2019 in Renewable Energy

The move toward renewables is continuing despite Trump.

Despite the efforts of the Trump Administration, renewable energy has continued to thrive.  Key states are imposing rigorous deadlines for reducing power generation from fossil fuels.  Economic trends are also supporting renewables. In the first half of 2019, Texas produced more power from renewables than coal.

Texas may be content to rely on market forces, but other states are taking a more active hand in shaping their energy futures. Here are the new renewable energy mandates and targets of 2019:

  • In January 2019, the District of Columbia increased its RPS target to 100% renewable electricity sales by 2040.
  • New Mexico mandated 100% zero-carbon electricity by 2045, up from the previous target of 20% renewable generation by 2020.
  • Maine adopted a 100% target for 2050.
  • Maryland  increased its  target to 50% of electricity sales from renewable generation by 2030, (up from the previous target of 22.5% by 2024).
  • New York adopted a 100% target for 2040, with an interim target of 70% by 2030.
  • Nevada increased its RPS to 50% of sales from renewable generation by 2030, including a goal of 100% of electricity sales from clean energy by 2050.

Ohio was the outlier, cutting its renewable energy requirement from 12% to 8%, tying itself ever more closely to the past of the energy system rather than its future.

The Energy Information Agency (part of the Department of Energy) “forecasts that utility-scale renewable fuels, including wind, solar, and hydropower, will collectively produce 18% of U.S. electricity in 2019 and 19% in 2020. EIA expects that annual generation from wind will surpass hydropower generation for the first time in 2019 to become the leading source of renewable electricity generation and that it will maintain that position in 2020.”

According to Forbes, “the average cost of developing new power plants based on onshore wind, solar photovoltaic (PV), biomass or geothermal energy is now usually below $0.10/kWh. Not far behind that is offshore wind, which costs close to $0.13/kWh.”  Prices for conventional plants are $0.05-$0.10, making renewable quite competitive.

Energy storage is also increasingly affordable. According to a report from Bloomberg New Energy Finance, the levelized cost of electricity from lithium-ion batteries in late March had fallen by a third since the first half of 2018.  Since 2012, the price has fallen 70%.

Of course, there’s a huge amount of work that remains to be done. We’ve eliminated many of the least economic coal plants; getting rid of the remainder will be harder. And natural gas has expanded rapidly due to fracking, a trend that we need to cap and then reverse.  But at least it’s clear that Trump has no more been able to turn back the energy tide than King Canute managed with sea.

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Reader Comments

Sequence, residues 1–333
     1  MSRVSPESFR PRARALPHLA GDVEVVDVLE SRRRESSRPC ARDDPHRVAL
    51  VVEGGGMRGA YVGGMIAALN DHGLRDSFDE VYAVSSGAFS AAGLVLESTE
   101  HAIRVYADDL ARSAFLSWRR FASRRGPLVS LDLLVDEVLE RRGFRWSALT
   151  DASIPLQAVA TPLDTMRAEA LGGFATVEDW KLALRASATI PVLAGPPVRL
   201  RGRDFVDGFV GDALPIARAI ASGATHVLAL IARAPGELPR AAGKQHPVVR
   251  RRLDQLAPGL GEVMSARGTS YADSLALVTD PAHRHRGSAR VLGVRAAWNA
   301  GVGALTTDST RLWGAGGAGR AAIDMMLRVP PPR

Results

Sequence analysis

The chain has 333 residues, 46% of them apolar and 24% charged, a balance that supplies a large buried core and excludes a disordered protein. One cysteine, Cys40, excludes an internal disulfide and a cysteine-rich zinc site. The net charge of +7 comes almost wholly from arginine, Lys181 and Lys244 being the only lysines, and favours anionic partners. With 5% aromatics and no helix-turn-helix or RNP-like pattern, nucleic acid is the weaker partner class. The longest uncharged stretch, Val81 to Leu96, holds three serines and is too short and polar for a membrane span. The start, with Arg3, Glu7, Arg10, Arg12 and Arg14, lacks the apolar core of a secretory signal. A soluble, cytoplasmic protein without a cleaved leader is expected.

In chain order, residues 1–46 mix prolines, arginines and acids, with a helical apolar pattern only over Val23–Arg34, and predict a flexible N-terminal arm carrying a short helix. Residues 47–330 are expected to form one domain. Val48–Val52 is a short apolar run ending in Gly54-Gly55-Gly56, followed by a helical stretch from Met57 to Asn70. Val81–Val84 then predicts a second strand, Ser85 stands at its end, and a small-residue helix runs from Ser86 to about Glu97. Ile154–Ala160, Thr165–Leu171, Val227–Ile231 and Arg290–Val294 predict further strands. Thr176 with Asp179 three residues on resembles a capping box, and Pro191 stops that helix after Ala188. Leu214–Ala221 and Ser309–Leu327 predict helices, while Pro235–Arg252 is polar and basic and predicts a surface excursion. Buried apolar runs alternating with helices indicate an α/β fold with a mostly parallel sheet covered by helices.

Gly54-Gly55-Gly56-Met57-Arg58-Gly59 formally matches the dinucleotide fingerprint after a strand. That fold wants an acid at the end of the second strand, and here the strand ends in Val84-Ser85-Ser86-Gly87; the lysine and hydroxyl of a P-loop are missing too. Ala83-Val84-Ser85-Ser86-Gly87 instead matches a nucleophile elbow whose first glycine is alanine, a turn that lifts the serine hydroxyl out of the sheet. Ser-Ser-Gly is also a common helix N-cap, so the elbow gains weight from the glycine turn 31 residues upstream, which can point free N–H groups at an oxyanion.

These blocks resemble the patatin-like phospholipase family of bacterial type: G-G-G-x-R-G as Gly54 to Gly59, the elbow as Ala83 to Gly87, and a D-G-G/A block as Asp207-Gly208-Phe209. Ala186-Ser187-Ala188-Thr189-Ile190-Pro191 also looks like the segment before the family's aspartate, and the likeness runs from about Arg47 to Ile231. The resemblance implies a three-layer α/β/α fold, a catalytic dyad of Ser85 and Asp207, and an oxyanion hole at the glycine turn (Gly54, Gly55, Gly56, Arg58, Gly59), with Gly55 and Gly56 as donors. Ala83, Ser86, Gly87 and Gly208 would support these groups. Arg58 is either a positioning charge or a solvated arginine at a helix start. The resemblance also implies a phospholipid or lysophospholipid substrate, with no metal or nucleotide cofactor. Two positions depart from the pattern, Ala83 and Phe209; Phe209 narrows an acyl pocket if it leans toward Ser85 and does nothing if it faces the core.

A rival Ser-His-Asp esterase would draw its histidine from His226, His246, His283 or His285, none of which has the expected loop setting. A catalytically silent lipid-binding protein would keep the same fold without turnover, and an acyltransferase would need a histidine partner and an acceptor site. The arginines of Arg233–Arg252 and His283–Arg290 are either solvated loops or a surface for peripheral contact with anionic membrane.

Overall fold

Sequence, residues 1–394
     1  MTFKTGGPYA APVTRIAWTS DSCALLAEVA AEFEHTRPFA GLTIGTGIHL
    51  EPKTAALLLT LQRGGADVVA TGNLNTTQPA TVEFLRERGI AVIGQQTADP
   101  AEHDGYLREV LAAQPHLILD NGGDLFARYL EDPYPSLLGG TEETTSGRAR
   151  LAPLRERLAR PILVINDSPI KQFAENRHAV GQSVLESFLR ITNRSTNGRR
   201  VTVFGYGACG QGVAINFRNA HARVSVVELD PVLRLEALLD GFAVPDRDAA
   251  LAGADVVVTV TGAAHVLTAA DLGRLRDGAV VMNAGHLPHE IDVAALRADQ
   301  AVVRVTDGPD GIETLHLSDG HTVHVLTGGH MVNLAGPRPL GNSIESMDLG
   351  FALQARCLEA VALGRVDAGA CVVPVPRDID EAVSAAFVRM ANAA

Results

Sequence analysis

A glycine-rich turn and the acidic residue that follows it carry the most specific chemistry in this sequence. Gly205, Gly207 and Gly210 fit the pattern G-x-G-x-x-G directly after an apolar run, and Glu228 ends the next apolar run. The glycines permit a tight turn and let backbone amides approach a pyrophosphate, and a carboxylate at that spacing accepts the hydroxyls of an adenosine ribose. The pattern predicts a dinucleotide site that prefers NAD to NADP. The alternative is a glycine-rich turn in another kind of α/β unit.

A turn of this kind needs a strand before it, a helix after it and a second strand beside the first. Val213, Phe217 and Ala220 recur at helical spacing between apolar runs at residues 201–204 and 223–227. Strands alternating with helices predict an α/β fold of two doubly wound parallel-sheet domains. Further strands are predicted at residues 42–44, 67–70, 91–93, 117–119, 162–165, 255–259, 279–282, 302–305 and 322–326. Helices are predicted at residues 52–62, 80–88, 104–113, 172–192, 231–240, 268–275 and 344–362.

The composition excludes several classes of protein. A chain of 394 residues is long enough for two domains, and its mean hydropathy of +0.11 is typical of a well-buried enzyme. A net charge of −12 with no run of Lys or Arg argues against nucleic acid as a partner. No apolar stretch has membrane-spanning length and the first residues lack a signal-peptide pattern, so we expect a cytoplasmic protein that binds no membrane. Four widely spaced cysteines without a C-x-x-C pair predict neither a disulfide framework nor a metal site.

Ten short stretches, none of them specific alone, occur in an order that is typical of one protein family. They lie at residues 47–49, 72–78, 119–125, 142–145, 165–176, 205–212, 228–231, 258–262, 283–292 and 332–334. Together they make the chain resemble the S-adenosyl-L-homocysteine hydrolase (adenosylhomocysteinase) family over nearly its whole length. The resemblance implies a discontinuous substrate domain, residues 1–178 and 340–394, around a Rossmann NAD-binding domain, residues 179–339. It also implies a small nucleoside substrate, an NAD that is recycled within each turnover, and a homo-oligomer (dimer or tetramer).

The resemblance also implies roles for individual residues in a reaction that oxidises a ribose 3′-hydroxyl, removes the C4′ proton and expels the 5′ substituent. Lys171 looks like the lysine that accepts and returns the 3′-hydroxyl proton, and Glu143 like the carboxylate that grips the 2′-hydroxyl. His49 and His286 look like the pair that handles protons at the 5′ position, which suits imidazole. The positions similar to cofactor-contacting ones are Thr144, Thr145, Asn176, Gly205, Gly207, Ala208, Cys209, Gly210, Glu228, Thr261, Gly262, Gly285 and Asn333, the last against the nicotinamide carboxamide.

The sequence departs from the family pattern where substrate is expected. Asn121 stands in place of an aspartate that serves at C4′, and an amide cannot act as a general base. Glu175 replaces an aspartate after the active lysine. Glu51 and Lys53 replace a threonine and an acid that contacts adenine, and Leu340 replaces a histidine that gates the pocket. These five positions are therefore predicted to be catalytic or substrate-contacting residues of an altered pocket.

2 Replies to “2019 in Renewable Energy”

  1. It is crucial to the future of wind and solar sources and high tech batteries to both reduce the on and off-site negative impacts on the people, land and waters of the mine, mill and smelter sites that produce the metals required. When solar farms are located on high value agricultural land, displacing food and forage, the environmental impacts and economic costs of production increase. High temp solar kills birds. Birds and bats are killed by wind turbines. There is no form of energy production without negative environmental impacts.

  2. The negative aspects of industrial-scale solar farms need to be publicized more and the alternatives promoted. The negative aspects may be simplified to the industrialization of land, which removes it from natural processes, and the barriers to wildlife movement. The alternatives are many.

    The most obvious alternative is rooftop solar. This destroys no more land, utilizes wasted space, and puts power generation near to existing power consumption and electrical infrastructure. True, some existing rooftops may not be able to take the weight or be oriented in the best direction, but building codes should require this on new structures. Solar farm projects, including community solar, should be directed to rooftops. This can be done with contracts with building owners that benefit both the owner and the project. Surely the cost of developing new land for a solar farm could be spread across multiple rooftops, and leave the land for nature, or if necessary, other development that includes rooftop solar. Single-use land, as in either “warehouse” or “solar farm”, is a luxury on this crowded planet.

    Other alternatives are those that use already disturbed land. Solar farms built on former landfills or strip mine sites are more tolerable than stripping undisturbed land. Putting lines of solar panels along highways is another technique that has already been done. Covering walkways and parking lots with solar panels generates electrical power and provides shade and rain protection for people using those areas. There is so much that could be done to minimize our development footprint on the landscape while expanding renewable solar energy production.

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About Dan

Dan Farber

Dan Farber has written and taught on environmental and constitutional law as well as about contracts, jurisprudence and legislation. Currently at Berkeley Law, he has al…

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